The former Sunset Pacific Hotel has been long-abandoned. Back when he was a City Councilman, Mayor Eric Garcetti called this one of the most troublesome properties in the city. You still can’t step inside.
But yesterday afternoon, the streets around it were infested with iPhone toting curiosity seekers, gazing at the bright, gleaming, bizarre site: a vacant three story structure surrounded by palm trees, all completely coated in blinding white.
Traffic slowed as people stopped to take pictures. Some people knew this was here. Others just stumbled on it.
Even the people who were aware of this long-planned work of public art weren’t entirely clear what the deal was.
The artist Vincent Lamouroux dubbed it with the suggestive title: PROJECTION. Naturally, people thought that meant something might be projected onto the whitewashed structure. The title, it seems, is a metaphor for what onlookers “project” onto this now gleaming building.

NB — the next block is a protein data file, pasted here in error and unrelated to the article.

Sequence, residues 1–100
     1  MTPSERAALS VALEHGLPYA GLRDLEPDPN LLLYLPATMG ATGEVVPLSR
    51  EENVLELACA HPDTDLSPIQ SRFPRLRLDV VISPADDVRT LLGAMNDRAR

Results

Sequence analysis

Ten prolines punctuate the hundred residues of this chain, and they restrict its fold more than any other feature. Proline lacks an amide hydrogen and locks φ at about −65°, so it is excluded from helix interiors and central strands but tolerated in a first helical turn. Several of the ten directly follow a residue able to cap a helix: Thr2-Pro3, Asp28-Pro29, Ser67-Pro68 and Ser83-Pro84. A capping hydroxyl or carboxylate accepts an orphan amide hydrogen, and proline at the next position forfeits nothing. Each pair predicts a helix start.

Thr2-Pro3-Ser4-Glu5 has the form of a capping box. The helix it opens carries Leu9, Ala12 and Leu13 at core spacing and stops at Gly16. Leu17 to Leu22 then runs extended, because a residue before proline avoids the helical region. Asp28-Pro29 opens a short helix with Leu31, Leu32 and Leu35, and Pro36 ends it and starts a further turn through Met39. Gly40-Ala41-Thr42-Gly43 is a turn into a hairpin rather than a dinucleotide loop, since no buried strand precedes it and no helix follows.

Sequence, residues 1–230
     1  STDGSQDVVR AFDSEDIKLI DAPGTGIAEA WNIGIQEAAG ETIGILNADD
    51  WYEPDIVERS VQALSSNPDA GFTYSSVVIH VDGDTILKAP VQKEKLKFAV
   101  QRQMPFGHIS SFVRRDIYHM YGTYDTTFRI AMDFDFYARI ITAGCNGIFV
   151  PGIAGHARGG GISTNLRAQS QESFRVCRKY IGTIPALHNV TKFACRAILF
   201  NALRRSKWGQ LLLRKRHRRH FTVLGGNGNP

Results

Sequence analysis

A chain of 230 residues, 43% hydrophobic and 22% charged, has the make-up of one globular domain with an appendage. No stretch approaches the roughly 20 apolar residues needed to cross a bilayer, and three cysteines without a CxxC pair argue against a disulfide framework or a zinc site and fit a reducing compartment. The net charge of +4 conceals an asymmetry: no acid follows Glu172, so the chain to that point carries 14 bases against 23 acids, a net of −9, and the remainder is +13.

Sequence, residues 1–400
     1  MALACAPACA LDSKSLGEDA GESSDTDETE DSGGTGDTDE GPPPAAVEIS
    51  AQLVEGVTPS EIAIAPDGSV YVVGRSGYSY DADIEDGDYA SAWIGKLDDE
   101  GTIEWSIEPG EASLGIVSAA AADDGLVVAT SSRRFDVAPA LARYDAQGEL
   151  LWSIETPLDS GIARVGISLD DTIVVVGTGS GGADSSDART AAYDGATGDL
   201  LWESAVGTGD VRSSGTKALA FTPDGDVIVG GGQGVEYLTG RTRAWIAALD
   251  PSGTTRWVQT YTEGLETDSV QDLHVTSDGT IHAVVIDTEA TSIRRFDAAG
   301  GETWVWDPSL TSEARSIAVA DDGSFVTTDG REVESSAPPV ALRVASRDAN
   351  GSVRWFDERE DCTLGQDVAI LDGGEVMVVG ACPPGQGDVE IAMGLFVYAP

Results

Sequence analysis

When an onlooker named Brian learned that this was, indeed, a finished work he still saw it in a positive light.
“I don’t think there’s anything wrong for getting people together in an actual space to think about abstract ideas. Whether or not it’s a real projection or theoretical projection we’re gathering a community of people together and that is a good thing,” he said. “There is an ingrained desire for tribal style community and that means bonfires and people gathered around them. This is kind of a bonfire. That’s what I’ll project onto it.”
According to the artist’s statement, it is “an architectural model transposed in an urban environment… a transitioning façade, an abandoned motel as a commonplace, archetype of the constant mobility of contemporary society.” (Read more at the DNA blog).
To see the old Bates Motel, you can drive down Sunset until the elements – natural or otherwise—have their way with the structure. The building’s scheduled to be demolished sometime this fall, and turned into a “mixed-use” building with housing, retail, restaurants, parking, and a gym.